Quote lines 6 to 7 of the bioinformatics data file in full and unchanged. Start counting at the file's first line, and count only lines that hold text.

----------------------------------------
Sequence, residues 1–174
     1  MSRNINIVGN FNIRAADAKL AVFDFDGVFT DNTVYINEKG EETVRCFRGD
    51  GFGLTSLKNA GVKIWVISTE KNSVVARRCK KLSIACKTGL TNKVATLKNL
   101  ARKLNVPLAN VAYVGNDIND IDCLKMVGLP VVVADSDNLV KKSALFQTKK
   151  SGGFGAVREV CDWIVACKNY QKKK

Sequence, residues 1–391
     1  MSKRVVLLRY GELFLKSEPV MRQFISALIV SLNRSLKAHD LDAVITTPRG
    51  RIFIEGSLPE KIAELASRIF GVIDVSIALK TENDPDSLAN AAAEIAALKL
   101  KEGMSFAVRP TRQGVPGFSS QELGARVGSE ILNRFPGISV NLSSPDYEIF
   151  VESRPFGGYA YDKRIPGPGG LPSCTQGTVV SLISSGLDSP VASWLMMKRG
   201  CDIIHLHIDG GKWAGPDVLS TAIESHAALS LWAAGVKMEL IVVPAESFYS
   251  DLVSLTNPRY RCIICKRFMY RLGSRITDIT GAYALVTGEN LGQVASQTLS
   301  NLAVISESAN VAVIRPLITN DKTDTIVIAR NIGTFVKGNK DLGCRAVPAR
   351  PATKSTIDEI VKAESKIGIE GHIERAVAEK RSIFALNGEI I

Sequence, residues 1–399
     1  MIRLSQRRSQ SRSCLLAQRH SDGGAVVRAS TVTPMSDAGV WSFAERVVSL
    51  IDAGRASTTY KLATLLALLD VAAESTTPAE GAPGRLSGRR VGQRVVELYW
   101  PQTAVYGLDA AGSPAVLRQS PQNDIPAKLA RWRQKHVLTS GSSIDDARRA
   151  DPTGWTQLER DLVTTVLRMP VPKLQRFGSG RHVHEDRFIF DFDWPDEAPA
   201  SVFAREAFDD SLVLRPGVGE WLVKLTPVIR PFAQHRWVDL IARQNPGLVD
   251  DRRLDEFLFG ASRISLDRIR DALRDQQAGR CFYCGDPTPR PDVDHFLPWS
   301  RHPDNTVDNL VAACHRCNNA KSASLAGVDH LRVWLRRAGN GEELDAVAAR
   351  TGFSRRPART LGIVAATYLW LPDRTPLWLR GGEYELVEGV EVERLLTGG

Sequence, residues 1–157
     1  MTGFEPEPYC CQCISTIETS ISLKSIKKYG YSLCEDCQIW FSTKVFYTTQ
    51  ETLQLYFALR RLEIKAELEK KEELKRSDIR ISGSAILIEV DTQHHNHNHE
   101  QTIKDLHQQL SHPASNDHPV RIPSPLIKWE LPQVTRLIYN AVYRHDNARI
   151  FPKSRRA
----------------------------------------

Sequence, residues 1–391
     1  MSKRVVLLRY GELFLKSEPV MRQFISALIV SLNRSLKAHD LDAVITTPRG